Posted on Monday, September 21st, 2015
Volkswagen was issued a directive by the Obama administration on Friday to recall close to a half-million of its vehicles. This comes after the Environmental Protection Agency issued a notice of violation over an accusation that the company illegally installed a so-called “defeat device” in its 4-cylinder Volkswagen and Audi vehicles. These devices are believed to have been installed in diesel vehicles dating back to 2009.
According to The New York Times, officials with the E.P.A. have reported that the German automaker has admitted to the installation of defeat devices in its vehicles and it will be cooperating with the investigation. Since the E.P.A. ordered Volkswagen to recall its vehicles, the company’s chief executive has publicly apologized for breaking the trust of customers and the public at large. The case against Volkswagen will be jointly investigated by the Justice Department, the E.P.A., and the state of California.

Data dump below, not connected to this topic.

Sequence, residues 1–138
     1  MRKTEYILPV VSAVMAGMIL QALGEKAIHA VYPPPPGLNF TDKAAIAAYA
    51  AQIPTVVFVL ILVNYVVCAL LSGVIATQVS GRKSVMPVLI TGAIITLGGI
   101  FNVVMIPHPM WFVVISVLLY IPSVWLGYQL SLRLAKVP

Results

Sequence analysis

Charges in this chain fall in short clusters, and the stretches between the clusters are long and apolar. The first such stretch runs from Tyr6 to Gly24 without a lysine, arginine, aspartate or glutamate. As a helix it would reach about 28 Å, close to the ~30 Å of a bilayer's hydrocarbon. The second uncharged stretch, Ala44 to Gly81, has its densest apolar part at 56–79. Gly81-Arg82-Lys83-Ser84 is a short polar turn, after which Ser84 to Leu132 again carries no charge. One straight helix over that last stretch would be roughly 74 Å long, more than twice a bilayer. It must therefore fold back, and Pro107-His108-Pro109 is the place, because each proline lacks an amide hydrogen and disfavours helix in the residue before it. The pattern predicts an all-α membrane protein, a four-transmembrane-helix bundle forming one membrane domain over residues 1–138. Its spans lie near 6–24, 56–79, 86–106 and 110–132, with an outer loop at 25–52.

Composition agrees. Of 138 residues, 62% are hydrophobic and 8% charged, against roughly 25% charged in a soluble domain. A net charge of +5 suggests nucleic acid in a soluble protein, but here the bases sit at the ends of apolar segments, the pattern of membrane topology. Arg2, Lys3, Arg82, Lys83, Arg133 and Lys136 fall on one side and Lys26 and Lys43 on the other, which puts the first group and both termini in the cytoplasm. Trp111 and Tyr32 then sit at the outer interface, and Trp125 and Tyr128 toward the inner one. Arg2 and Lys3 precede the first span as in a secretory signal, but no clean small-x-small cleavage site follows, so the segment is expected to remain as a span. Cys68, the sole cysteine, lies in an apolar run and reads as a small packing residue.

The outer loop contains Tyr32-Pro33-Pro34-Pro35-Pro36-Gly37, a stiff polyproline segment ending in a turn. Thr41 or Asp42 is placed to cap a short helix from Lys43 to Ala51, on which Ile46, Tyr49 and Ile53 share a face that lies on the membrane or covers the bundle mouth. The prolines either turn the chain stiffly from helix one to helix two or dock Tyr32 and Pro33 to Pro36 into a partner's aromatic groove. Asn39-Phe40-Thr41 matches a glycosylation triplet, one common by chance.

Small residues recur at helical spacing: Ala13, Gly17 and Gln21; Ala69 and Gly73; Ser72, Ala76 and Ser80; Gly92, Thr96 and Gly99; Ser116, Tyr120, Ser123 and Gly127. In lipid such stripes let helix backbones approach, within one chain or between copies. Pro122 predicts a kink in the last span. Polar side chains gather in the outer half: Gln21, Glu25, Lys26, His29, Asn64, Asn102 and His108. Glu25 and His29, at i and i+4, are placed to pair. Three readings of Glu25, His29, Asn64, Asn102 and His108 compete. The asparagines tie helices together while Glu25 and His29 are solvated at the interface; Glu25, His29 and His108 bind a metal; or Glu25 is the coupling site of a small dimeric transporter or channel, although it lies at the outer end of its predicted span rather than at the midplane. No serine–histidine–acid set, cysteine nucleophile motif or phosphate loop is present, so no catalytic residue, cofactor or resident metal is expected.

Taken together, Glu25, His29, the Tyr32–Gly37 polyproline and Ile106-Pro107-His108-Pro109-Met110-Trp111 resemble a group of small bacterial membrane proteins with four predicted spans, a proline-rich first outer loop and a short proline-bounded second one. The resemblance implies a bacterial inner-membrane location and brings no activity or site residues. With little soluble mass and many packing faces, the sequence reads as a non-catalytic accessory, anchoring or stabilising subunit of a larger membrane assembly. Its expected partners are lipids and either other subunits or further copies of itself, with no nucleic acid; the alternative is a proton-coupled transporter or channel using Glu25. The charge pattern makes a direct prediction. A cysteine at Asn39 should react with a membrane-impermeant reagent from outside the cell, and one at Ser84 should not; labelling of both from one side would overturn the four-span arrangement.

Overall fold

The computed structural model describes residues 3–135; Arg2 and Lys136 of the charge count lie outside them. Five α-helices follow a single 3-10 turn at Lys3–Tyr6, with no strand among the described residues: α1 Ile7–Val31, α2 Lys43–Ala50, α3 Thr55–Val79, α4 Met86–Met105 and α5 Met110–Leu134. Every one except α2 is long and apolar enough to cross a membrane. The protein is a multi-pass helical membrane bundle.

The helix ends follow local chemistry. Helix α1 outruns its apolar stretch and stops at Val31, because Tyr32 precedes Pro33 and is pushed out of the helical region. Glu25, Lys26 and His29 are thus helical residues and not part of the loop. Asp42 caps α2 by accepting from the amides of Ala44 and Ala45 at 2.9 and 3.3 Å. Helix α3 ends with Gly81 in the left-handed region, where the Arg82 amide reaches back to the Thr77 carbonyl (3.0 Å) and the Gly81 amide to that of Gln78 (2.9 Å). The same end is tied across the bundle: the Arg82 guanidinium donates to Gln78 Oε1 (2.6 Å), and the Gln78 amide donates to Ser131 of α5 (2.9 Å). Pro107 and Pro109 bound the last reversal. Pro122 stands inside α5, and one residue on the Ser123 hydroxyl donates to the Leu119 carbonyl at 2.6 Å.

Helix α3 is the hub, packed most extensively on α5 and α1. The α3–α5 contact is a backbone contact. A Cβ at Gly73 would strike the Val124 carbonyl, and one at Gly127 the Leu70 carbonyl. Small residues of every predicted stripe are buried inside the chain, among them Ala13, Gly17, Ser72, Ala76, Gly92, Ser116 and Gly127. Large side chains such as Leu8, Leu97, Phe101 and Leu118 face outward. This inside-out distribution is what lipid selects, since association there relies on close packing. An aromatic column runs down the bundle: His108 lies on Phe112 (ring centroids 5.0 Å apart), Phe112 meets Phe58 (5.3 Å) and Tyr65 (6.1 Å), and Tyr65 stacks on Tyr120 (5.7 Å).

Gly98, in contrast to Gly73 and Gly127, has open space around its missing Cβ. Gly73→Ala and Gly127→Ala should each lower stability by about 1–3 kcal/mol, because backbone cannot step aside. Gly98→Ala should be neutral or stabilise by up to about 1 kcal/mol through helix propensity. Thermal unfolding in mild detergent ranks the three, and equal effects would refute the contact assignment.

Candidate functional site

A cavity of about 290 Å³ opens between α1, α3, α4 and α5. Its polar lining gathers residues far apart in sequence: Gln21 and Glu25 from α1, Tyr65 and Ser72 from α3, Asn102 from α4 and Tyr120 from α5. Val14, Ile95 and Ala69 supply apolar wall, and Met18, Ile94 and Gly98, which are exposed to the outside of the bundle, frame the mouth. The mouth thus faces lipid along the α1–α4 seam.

Defeat devices installed in the Volkswagen and Audi vehicles were intended to conceal the emissions levels of the nitrogen oxide, a pollutant that directly contributes to smog and ozone creation. When installed, these defeat devices can detect official emissions testing equipment so the vehicles’ complete emission control systems will be activated for the duration of the test. Under normal circumstances, the controls systems are switched off and the vehicle may release pollutants at more than 40 times the legal maximums as set by the Clean Air Act.
The E.P.A.’s notice of violation is indicative of a broader shift in policy toward a more proactive regulation of the automotive industry. Bearing that in mind, this move against Volkswagen may be interpreted as a stern message to other automakers about the kind of treatment they can expect if they willfully disregard federal regulations..